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Conservative

Jake Stewart Conservative Miramichi—Grand Lake, NB

Madam Speaker, it is a pleasure today to speak to Bill C-2. In the last couple of weeks as a member of the finance committee and of the House of Commons, I learned something really interesting. One of the first questions that was asked in committee was, “Where is the money coming from?”.

The Liberal government is going to spend $7.4 billion on programs similar to CERB and the other programs in the original suite of benefits it put out during the pandemic. However, we have since learned that some of that money actually bled into criminal organizations. People were able to scam the public's money for criminal intent, and the Liberals are okay with that because just recently they lessened offences for using firearms and other violations.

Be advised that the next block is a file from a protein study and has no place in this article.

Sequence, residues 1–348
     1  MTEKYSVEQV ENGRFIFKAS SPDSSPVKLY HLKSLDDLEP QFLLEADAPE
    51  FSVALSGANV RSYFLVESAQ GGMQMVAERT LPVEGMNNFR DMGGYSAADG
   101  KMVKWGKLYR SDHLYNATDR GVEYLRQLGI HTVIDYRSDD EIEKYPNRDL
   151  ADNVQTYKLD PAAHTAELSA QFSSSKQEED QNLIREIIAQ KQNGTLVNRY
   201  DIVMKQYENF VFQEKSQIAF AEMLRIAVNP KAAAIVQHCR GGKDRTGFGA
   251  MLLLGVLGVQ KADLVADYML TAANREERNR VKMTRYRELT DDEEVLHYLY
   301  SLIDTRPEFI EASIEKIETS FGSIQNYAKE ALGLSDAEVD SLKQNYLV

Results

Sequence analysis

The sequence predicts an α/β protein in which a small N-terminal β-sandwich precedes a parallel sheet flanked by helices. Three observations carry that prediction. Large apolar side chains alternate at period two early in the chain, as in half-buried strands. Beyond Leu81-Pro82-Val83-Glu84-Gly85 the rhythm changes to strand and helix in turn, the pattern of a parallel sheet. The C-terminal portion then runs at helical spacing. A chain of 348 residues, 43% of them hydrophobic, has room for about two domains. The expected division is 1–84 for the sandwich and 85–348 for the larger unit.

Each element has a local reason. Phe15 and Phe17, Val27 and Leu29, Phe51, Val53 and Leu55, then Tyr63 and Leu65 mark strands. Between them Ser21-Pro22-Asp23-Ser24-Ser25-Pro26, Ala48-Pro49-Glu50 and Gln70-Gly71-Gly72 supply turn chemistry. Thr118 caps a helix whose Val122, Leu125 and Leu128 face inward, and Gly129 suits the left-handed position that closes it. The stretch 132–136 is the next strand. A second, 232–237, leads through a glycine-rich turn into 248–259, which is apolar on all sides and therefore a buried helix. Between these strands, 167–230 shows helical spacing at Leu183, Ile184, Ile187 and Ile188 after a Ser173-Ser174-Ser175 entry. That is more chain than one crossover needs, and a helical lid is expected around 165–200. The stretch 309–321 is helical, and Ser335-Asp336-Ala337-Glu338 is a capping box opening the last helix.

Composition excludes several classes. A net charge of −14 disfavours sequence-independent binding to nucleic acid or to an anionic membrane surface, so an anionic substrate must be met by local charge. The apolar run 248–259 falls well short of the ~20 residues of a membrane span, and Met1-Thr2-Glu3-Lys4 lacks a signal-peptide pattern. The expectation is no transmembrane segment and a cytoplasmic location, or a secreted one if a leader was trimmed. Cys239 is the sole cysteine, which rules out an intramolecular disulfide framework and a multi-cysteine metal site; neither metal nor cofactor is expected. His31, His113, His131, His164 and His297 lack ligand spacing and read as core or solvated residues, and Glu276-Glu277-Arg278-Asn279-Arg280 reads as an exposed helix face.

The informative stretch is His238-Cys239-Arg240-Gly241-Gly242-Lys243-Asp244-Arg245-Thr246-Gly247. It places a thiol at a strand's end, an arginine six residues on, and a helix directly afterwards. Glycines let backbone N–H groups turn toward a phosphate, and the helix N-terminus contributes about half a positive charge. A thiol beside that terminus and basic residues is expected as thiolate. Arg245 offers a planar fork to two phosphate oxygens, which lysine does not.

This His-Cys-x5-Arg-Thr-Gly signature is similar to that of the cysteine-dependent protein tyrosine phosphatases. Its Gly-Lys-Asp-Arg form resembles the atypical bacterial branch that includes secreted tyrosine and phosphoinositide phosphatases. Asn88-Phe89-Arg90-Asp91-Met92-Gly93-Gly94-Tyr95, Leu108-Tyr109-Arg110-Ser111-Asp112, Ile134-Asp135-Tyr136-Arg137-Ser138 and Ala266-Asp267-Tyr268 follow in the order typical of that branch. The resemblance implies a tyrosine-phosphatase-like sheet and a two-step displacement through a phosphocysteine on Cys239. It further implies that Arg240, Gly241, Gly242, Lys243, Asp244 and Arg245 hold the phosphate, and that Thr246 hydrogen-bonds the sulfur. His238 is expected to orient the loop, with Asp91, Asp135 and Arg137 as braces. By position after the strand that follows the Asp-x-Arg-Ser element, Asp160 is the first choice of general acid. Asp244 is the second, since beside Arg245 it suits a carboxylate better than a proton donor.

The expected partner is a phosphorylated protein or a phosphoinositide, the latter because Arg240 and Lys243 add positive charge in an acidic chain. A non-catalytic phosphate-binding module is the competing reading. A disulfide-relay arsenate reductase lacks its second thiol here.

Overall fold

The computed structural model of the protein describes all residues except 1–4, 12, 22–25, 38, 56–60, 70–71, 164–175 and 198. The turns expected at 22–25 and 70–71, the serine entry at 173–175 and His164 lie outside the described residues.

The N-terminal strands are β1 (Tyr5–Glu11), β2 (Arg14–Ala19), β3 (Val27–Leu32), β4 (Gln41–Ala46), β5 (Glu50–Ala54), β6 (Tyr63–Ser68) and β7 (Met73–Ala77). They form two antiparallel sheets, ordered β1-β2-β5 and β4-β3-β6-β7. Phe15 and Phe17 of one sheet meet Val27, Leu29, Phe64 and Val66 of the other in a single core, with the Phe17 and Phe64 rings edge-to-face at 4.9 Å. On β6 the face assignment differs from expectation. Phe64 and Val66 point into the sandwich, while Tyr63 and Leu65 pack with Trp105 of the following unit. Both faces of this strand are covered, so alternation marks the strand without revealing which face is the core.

We know that the Liberal government is weak on crime and soft on criminals. Canadians know this. However, if we look at what the Liberals are doing right now, they are going to take $7.4 billion and dole it out, but they have no oversight of that. The Canada Revenue Agency has no oversight of it. The FINTRAC report showed us that millions and millions of hard-earned taxpayer dollars were scammed by criminals. Other monies went to prisoners. If there were even the potential that those hard-earned Canadian tax dollars bled into terrorist organizations, could members believe the Government of Canada would allow this to happen, but more so, could they believe it would do nothing about it?

The people of Miramichi—Grand Lake do not want to fund terrorist organizations. They do not want to fund prisoners. They do not want to fund organized crime. They do not want to fund criminals in whatever behaviours they are up to, and they certainly do not want to see firearms charges lessened.